PAL (programming language)

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PAL, the Pedagogic Algorithmic Language, is a programming language developed at the Massachusetts Institute of Technology in around 1967 to help teach programming language semantics and design.[1][2] It is a "direct descendant" of ISWIM and owes much of its philosophy to Christopher Strachey.[3]

The initial implementation of PAL, in Lisp, was written by Peter Landin and James H. Morris, Jr. It was later redesigned by Martin Richards, Thomas J. Barkalow, Arthur Evans, Jr., Robert M. Graham, James Morris, and John Wozencraft. It was implemented by Richards and Barkalow in BCPL as an intermediate-code interpreter and ran on the IBM System/360; this was called PAL/360.[4]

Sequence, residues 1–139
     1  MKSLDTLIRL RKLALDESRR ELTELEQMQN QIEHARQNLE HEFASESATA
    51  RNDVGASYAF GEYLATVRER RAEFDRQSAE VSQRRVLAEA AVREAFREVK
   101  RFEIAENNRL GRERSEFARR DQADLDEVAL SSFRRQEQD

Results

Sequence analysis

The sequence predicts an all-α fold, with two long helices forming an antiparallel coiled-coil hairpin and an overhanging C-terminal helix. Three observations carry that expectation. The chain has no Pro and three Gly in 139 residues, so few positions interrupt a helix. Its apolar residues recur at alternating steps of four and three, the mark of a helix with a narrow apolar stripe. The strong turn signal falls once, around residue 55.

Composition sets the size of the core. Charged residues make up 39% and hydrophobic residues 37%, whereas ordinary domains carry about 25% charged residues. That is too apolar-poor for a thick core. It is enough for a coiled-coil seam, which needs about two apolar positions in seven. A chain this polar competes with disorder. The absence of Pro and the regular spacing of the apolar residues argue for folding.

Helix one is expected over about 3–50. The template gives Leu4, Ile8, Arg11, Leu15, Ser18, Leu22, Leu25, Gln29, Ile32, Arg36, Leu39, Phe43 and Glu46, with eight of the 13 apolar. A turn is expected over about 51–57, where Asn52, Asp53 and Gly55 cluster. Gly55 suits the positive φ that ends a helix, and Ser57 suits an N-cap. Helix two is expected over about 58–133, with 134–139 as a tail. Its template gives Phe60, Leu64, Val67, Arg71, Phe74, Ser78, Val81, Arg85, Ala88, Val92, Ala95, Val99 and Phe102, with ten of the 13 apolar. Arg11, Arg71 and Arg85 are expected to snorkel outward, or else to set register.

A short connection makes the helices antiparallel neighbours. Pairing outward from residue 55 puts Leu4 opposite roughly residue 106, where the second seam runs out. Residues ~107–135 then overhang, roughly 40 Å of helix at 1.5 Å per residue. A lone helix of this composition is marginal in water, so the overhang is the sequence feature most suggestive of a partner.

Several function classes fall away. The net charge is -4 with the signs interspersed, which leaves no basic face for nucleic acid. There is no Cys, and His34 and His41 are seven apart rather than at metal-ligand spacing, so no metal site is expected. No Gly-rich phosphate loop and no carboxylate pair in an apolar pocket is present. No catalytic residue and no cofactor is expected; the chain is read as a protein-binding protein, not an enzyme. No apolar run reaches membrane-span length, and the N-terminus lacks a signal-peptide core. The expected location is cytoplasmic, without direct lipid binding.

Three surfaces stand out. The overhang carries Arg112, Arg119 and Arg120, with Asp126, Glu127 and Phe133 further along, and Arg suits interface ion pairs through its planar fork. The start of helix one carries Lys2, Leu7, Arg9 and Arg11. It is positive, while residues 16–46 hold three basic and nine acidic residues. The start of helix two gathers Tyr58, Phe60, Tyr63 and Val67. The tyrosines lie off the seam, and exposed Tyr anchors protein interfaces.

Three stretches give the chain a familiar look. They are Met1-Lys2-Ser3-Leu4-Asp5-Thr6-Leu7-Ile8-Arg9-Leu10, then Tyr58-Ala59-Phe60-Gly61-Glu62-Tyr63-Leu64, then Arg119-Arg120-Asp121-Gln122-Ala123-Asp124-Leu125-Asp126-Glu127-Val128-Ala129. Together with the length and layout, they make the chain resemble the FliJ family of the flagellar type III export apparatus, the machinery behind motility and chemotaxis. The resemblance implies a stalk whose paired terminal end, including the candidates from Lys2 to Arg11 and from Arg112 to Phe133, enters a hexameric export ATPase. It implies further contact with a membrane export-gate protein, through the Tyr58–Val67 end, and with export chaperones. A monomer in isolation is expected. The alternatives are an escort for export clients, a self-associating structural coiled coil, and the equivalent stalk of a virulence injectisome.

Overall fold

RPAL[edit]

RPAL, the Right-reference Pedagogic Algorithmic Language, is a functional subset of PAL with an implementation on SourceForge.[5] It is used at the University of Florida to teach the construction of programming languages and functional programming. Programs are strictly functional, with no sequence or assignment operations.

References[edit]

  1. ^ Arthur Evans, Jr., PAL: Pedagogic Algorithmic Language: A Reference Manual and Primer. Unpublished report, Department of Electrical Engineering, MIT, February 1970.
  2. ^ John M. Wozencraft and Arthur Evans, Jr. Notes on Programming Linguistics. Unpublished report, Department of Electrical Engineering, MIT. February, 1971.
  3. ^ Arthur Evans, Jr., "PAL—a language designed for teaching programming linguistics" Proceedings of the 1968 23rd ACM National Conference (August 27–29, 1968), p. 395-403 ACM abstract
  4. ^ "PAL (Pedagogic Algorithmic Language)". Computer History Museum/Software Preservation Group.
  5. ^ "RPAL - The Right-reference Pedagogic Algorithmic Language". SourceForge.